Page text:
More to the Byron homeless story than ugly street ‘slum’
UPDATE, Thursday 1pm: HOMELESSNESS in Byron Bay is getting worse and cuts in government support mean vulnerable people are unable to meet basic sanitary needs, a Byron Bay social worker has said.
Celeste Harris, community services coordinator at the Byron Bay Community Centre, said the coastal area from Ballina to Tweed Heads had the second highest number of rough sleepers in the state.
The statistic is mainly due to the concentration of homeless people in Byron Shire - especially in Byron Bay.
Ms Harris said support for homeless people had plummeted since the closure of Fletcher St cottage last year, which provided a drop-in centre for homeless people enabling them to have a shower, a cup of tea, launder their clothes and access services.
"This community is not able to meet their basic needs for dignity and health and cleanliness," she said.
Said the community centre was struggling to cope with these "huge unmet needs", and it was becoming a "human rights" issue.
But she said divisive comments over "vagabonds" leaving litter on Byron's streets did not help the issue.
But Ms Harris said the "visible homeless" made up only a tiny minority of the total.
"The people that you see day to day on the street is by far the minority," Ms Harris said.
The vast majority of "hidden" homeless people included the working poor, large numbers of vulnerable women especially younger single parents, older women, and a "large number of women fleeing domestic violence".
Ms Harris also said it was debatable whether homeless people were the only ones responsible for the street littering on display in a recent Facebook post.
"We need to be very careful about lumping this group together… we need to understand the vulnerability and extreme marginalisation of people without a house and nowhere to live," Ms Harris said.
"We need to move away from stigmatising and marginalising this group and start to unify to support our most vulnerable members, and make sure they can receive the support the services and support they are entitled to and they need."
ORIGINAL: IT COULD be snapshots of somewhere in a third world country, but it's downtown Byron Bay.
Images posted to Facebook of a giant mess left by a group of "vagabonds" have ignited a debate on homelessness and the responsibility of people to clean up their mess.
Facebook user Boaz Jachin posted the series of images the Byron Bay Community Board page showing various bits of rubbish including toilet paper, cigarette butts and beer cans strewn around an off-street area.
So far the photos have generated plenty of passionate comments on the page.
Some sympathised with the plight of homeless people, who are often dealing with mental illness, while others have argued they should be held responsible for their actions.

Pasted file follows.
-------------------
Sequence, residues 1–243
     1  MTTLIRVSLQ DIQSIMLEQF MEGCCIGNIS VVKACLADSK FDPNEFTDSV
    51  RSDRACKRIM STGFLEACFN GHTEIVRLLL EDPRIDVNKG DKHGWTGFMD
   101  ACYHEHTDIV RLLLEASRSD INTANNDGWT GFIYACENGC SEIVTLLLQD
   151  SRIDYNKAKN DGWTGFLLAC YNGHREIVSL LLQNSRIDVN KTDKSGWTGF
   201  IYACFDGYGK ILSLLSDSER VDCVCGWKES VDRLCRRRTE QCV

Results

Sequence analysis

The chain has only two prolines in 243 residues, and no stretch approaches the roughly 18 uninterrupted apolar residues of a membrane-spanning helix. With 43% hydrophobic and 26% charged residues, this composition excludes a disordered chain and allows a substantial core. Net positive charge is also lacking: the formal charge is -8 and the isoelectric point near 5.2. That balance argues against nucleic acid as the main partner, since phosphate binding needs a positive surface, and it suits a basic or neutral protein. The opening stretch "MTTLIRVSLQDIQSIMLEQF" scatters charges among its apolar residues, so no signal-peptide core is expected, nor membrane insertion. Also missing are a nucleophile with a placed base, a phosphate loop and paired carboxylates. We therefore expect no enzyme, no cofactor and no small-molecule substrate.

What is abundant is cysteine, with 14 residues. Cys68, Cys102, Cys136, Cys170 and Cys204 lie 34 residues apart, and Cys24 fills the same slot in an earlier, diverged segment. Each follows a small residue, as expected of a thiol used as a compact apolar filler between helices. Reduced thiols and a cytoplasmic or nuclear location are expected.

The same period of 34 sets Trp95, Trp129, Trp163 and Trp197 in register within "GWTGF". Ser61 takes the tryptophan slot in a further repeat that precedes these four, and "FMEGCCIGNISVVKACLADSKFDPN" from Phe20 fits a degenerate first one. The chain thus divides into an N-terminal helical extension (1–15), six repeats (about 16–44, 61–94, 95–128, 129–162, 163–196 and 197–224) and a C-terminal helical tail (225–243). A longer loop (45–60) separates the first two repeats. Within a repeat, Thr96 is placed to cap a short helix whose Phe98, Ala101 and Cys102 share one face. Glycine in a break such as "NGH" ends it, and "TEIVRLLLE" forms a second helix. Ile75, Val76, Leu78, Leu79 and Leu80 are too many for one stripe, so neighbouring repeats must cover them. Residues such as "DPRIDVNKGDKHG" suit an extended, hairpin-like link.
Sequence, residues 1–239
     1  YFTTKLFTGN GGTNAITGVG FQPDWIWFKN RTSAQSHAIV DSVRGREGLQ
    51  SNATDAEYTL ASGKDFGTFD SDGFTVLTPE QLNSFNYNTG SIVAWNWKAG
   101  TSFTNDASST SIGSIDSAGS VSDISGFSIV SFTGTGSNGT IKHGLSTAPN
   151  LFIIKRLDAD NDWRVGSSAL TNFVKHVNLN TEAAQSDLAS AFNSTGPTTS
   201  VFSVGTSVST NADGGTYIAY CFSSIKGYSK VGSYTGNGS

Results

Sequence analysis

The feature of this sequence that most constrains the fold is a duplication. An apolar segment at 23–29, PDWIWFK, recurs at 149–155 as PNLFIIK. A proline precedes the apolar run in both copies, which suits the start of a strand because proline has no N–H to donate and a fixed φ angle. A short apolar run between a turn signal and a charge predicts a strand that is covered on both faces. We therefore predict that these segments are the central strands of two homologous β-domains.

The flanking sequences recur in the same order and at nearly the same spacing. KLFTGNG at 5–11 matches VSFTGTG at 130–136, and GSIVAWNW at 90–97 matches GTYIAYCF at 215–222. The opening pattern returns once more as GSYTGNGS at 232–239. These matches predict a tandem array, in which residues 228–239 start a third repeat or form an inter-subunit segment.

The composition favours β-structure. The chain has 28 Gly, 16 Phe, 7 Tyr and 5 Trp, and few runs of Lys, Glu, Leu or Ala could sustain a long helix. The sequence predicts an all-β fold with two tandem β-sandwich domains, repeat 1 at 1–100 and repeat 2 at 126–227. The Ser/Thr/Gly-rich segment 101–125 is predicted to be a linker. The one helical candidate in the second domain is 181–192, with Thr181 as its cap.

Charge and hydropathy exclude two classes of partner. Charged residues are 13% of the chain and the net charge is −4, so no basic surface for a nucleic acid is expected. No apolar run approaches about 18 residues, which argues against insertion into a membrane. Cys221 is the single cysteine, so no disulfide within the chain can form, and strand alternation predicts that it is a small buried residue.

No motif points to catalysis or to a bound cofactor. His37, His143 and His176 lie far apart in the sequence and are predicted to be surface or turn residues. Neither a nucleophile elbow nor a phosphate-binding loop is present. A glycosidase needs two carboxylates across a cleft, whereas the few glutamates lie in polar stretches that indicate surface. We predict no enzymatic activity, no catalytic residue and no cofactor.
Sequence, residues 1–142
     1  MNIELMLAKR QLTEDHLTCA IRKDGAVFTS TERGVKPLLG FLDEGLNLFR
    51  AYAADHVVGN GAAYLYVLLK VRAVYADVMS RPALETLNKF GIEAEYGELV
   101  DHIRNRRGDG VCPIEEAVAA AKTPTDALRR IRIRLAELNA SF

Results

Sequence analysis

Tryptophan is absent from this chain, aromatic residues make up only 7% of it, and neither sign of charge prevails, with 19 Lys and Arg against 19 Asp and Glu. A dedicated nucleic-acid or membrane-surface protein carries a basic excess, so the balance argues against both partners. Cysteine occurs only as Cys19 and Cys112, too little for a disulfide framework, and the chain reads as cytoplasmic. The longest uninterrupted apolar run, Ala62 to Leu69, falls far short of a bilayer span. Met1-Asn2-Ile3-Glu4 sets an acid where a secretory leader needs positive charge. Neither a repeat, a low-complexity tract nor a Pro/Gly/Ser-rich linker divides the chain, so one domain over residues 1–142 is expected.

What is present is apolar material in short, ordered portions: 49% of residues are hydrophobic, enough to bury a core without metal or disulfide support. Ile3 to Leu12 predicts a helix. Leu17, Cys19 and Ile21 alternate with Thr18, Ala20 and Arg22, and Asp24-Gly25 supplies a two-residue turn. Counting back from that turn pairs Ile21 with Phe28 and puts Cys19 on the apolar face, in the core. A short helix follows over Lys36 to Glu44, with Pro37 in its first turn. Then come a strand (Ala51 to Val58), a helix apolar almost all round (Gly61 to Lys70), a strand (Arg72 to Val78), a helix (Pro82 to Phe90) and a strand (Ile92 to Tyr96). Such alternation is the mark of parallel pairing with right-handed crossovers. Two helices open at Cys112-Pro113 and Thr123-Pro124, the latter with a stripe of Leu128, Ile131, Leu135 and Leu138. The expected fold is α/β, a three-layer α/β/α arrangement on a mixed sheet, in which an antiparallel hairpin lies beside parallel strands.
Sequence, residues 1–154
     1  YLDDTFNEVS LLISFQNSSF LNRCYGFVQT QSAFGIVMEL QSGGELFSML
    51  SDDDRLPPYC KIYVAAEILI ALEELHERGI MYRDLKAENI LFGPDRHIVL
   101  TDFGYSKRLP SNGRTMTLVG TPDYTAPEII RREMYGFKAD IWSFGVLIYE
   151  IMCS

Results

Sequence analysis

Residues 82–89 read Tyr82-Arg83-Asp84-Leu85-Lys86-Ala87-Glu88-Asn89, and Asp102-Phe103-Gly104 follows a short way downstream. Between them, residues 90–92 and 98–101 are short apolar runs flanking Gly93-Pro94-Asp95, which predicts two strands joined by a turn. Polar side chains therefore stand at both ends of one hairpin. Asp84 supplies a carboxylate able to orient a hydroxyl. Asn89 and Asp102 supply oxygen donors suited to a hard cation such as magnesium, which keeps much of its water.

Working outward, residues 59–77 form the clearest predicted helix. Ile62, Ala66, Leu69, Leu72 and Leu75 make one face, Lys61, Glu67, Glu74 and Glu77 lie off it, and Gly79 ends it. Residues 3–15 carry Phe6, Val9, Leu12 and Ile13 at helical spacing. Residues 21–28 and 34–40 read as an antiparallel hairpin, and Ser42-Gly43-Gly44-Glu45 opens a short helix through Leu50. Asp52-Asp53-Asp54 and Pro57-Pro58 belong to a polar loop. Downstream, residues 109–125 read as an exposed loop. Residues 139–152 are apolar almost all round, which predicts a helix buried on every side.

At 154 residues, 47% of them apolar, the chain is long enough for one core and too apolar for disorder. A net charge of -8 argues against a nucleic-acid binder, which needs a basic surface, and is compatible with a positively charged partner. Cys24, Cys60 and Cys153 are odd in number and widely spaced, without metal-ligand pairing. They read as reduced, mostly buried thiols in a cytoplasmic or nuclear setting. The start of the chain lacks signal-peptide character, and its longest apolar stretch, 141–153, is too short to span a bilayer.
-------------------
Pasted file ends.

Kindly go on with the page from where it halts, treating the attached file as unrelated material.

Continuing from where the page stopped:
Mr Jachin suggested the culprits be confronted "peacefully as a community, and tell them that we will not accept this type of behaviour, and will be asked to leave town or removed if they do not show some respect".
But Angela Mathrick wrote that she had tried on a few occasions and was verbally abused: "I was actually shaking after one woman hurled abuse at me for about 10 mins...there are mental health issues involved. She said she was going to get a knife and come back for me! Another time there was a guy sitting against the fence smoking ice - this time I just waited for him to leave then cleared away the mess."
Mandy Logan described the offenders as "self entitled grubs who don't give a rats arse about anyone but themselves".
Robert Harman also wrote: "If you want to do something...demand that the council stops giving them free food ..police should stop them illegal camping, offer them no services and they will move on."
On the sympathetic side, Abbie Lala wrote: "I think an outreach group to help people that want it is the best approach. Government services to help people struggling or homeless are diminished to the point of non-existence. Maybe open a Lentil As Anything in Byron, feeding people decent food and providing acceptance is a great way to start."
Jade Weatherill: "Respecting land is not homelessness. These are two different issues. The gov stops giving homes because it costs too much to clean homes which people trash, which spoils it for us who are on a wait list and super clean."
Grant Gregor wrote: "Most people who are homeless are suffering from mental illness and addiction. Living on the street is rough and often a battle for survival. There is virtually no government funding for groups such as the Byron Community Centre to assist with these welfare issues."